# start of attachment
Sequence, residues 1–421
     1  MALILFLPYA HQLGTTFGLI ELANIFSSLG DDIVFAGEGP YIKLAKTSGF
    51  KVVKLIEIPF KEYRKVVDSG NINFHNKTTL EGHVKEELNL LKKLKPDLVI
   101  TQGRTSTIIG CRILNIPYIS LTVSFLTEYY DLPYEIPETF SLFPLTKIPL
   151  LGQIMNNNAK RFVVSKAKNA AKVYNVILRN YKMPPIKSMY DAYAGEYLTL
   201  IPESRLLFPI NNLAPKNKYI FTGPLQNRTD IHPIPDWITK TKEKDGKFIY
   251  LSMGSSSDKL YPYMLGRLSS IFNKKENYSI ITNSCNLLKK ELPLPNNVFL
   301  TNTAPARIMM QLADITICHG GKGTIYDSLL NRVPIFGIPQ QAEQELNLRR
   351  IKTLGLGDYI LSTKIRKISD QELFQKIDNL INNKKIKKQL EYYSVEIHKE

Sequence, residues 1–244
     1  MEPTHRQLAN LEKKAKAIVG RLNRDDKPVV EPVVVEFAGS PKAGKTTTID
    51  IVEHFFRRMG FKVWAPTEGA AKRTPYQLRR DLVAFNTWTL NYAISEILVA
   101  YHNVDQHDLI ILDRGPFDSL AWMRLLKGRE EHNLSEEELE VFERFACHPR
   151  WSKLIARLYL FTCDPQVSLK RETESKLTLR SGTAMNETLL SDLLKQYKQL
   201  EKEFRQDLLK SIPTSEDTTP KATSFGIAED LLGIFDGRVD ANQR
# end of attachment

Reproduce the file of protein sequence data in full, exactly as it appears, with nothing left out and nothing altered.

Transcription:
Sequence, residues 1–421
     1  MALILFLPYA HQLGTTFGLI ELANIFSSLG DDIVFAGEGP YIKLAKTSGF
    51  KVVKLIEIPF KEYRKVVDSG NINFHNKTTL EGHVKEELNL LKKLKPDLVI
   101  TQGRTSTIIG CRILNIPYIS LTVSFLTEYY DLPYEIPETF SLFPLTKIPL
   151  LGQIMNNNAK RFVVSKAKNA AKVYNVILRN YKMPPIKSMY DAYAGEYLTL
   201  IPESRLLFPI NNLAPKNKYI FTGPLQNRTD IHPIPDWITK TKEKDGKFIY
   251  LSMGSSSDKL YPYMLGRLSS IFNKKENYSI ITNSCNLLKK ELPLPNNVFL
   301  TNTAPARIMM QLADITICHG GKGTIYDSLL NRVPIFGIPQ QAEQELNLRR
   351  IKTLGLGDYI LSTKIRKISD QELFQKIDNL INNKKIKKQL EYYSVEIHKE

Sequence, residues 1–244
     1  MEPTHRQLAN LEKKAKAIVG RLNRDDKPVV EPVVVEFAGS PKAGKTTTID
    51  IVEHFFRRMG FKVWAPTEGA AKRTPYQLRR DLVAFNTWTL NYAISEILVA
   101  YHNVDQHDLI ILDRGPFDSL AWMRLLKGRE EHNLSEEELE VFERFACHPR
   151  WSKLIARLYL FTCDPQVSLK RETESKLTLR SGTAMNETLL SDLLKQYKQL
   201  EKEFRQDLLK SIPTSEDTTP KATSFGIAED LLGIFDGRVD ANQR